Lars Meloni, special consultant for the parliamentary Research Commission, was reticent to describe the precise contents of the request, but supports the Commission’s decision, stating that it would never have been possible to award Professor Hågensen the funds. “The basis of the request is regrettably vague, to put it kindly. We have very strict criteria when assessing who may opt for these funds and Professor Hågensen was nowhere near meeting them.”

   Is the myth of Hyperborea real? Or does it only exist in the mind of a madman? Professor Hågensen has stated that he and his colleagues do not intend to give up and will not let this set-back stop them. However, it appears that the scientific community no longer takes them, or their research, seriously.


These are hard times, as you can imagine. This is the worst moment  in my career. But I won’t be beaten. I won’t give up. As a scientist, I know that the evidence can’t lie. Hyperborea exists. I know it for a fact. We decided not to reveal the coordinates of its location and have kept them a secret. Our next step is to try to obtain private capital and we are going to look into every available option. There are still people out there with open minds who are ready to invest in projects that could revolutionise humanity. Yes, despite opposition from certain sectors who are determined to bury Hyperborea once and for all. They won’t get away with it.

Once again, I’d like to thank you for all your gestures of support, both those made in public and the private messages I’ve received over the past two days. Last Thursday there was a brief moment when I considered throwing in the towel. Forgetting all about it. But your support helped me cast that idea from my mind. You will always be the hands that help push me onwards. We’ll do it together, we’ll make sure that the truth about Hyperborea is revealed. Many thanks.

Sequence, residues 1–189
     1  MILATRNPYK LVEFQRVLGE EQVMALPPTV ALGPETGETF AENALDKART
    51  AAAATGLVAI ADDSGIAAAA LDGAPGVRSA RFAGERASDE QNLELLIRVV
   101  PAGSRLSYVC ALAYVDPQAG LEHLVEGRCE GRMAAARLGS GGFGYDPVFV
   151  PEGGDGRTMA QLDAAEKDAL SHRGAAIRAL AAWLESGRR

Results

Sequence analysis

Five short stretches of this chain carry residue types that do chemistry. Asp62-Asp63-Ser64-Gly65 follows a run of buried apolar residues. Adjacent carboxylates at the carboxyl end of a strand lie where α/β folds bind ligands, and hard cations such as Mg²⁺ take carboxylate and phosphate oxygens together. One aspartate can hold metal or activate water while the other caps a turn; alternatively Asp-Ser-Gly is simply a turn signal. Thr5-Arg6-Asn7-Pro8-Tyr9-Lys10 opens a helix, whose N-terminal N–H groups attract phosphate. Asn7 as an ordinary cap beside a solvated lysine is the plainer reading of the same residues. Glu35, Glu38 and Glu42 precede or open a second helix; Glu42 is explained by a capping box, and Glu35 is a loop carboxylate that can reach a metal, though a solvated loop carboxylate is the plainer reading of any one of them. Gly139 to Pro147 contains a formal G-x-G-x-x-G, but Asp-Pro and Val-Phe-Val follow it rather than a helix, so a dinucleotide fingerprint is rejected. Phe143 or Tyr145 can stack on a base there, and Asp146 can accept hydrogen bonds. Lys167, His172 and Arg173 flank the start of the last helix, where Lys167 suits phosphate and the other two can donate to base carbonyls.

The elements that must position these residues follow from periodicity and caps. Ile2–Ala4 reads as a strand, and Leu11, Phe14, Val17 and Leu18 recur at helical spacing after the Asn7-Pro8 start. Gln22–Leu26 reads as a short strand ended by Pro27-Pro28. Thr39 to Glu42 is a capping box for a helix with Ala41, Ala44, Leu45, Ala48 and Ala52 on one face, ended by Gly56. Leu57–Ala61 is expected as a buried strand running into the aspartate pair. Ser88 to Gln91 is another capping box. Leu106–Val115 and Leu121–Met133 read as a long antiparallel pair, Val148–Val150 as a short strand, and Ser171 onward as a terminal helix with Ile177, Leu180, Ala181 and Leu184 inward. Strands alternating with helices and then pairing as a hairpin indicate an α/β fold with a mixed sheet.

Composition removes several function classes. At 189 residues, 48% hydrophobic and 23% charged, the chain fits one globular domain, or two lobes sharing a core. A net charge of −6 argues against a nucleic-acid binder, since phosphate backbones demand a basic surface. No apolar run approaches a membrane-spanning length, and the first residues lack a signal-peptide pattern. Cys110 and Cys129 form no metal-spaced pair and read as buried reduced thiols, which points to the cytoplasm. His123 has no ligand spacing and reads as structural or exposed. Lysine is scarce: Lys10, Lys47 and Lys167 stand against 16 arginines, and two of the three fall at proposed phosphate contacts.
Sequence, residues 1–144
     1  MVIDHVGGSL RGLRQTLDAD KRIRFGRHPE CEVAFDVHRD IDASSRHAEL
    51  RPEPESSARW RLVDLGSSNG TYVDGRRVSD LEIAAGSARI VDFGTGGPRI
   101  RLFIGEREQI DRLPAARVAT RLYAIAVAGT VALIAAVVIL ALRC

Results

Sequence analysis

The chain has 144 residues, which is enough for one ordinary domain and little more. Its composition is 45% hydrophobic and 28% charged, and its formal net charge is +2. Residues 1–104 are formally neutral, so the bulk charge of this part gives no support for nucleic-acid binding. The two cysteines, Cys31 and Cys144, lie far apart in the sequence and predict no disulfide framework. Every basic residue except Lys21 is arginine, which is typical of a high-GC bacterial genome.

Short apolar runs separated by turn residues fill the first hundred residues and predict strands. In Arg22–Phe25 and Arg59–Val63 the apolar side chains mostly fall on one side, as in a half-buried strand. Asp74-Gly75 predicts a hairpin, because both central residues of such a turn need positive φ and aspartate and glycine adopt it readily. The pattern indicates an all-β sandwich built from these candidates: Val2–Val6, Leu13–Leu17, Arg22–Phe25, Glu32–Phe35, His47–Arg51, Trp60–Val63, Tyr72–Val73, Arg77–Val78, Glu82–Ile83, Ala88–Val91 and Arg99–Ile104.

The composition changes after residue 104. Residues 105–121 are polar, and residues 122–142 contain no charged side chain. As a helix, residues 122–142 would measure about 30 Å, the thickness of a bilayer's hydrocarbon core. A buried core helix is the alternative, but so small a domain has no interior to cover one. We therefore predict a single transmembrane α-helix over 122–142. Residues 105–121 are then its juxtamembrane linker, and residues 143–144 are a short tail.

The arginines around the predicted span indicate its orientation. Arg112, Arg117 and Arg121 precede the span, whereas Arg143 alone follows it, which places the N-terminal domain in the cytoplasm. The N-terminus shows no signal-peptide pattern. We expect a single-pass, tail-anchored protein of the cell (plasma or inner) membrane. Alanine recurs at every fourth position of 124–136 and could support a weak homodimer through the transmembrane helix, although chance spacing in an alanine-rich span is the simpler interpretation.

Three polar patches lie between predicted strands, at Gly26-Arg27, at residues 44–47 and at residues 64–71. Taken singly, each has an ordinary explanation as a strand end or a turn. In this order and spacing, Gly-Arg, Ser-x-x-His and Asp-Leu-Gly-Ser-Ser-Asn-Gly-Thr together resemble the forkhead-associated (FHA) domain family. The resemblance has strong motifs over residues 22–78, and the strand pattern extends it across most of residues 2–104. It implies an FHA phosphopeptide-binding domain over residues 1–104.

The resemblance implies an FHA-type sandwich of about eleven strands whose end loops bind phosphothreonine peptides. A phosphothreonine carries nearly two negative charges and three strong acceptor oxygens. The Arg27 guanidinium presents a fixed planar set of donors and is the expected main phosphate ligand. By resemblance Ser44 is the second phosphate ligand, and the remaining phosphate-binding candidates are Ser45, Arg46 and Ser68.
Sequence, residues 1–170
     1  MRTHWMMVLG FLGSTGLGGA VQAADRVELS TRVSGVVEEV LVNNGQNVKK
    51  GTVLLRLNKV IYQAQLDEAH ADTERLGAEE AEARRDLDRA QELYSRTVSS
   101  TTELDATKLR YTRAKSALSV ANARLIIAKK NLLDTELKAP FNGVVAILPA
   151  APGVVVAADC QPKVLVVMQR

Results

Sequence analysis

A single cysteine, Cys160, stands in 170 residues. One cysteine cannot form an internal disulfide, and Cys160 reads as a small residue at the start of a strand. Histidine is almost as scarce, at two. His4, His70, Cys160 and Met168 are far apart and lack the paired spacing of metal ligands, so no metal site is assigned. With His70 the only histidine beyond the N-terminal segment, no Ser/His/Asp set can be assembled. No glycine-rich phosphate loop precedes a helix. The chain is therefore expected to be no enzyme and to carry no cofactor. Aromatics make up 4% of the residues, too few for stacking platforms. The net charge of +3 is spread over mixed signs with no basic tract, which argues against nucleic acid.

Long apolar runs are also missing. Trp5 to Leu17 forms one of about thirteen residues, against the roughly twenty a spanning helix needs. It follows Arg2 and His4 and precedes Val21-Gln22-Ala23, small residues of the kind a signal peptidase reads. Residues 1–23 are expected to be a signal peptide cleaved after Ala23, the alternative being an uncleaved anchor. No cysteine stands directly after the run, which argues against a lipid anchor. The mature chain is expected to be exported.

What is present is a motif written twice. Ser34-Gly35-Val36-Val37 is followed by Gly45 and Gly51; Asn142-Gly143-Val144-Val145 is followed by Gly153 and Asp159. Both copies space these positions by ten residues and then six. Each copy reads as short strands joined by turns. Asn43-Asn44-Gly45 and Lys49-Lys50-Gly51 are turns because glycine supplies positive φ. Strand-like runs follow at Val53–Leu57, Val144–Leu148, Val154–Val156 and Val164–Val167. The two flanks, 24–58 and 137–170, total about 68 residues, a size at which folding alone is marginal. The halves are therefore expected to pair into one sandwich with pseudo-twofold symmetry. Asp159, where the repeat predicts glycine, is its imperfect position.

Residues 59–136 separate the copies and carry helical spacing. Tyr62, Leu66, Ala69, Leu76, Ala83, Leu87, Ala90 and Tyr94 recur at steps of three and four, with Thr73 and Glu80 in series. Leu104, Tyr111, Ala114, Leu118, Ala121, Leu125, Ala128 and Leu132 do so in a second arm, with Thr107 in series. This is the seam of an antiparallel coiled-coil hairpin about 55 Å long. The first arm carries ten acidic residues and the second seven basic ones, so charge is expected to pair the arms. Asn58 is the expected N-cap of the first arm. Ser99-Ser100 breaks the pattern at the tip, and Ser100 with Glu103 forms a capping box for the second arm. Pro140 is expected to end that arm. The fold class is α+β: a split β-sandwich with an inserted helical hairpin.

Professor Jorgen Hågensen

Tuesday, June 12, 2012

The time for the Truth has come!

Dear followers of Hyperborea Exists. After years of hard work, the moment has finally arrived. Three years have passed since I started this window onto the world about my research, and now the end is in sight. This Thursday I’m going to present my work to the Norwegian government’s Science and Research Commission in Oslo. During the presentation, I’ll set out the irrefutable evidence that we’ve gathered over more than ten years of research.

Graphic representation of the Gar rune. This symbol has been a constant in my research on the Hyperborean civilization.

You have only joined me for three years of the journey, but for Olve, Geir and me practically our whole adult lives have been dedicated to this project. I passionately and objectively believe in the authenticity of our evidence and the conclusions we have drawn. I just hope I can make the Norwegian government understand so that we are granted the funds we need to take the final step. Right now, we are convinced not only that the mythical civilization of Hyperborea existed, but that we know its exact location. We will use the funds to travel to this location and launch an ambitious programme of underwater prospecting that will unveil one of humanity’s greatest mysteries.

There are many unknown factors, but one thing is certain: the truth is out there, waiting for us, in the ruins of Hyperborea beneath the waters of the Atlantic Ocean. I appreciate that the scientific community and society will struggle to understand the impact of this discovery. I know that plenty of people will reject our ideas, call us crazy, perhaps. We’re used to that by now. But our theories are supported by hard evidence and scientific facts. Quantifiable data that cannot be faked. I swear that we won’t give up, I won’t give up. Humanity needs to know what happened to its first advanced society. Why did it disappear? Was it responsible for the disappearance of the Neanderthals? Are modern humans the descendants of a union between Homo sapiens and Hyperboreans? What type of cataclysm or calamity could have destroyed this lost civilization? If I receive the funds I will be requesting in the meeting, I hope to be able to answer these questions and many more.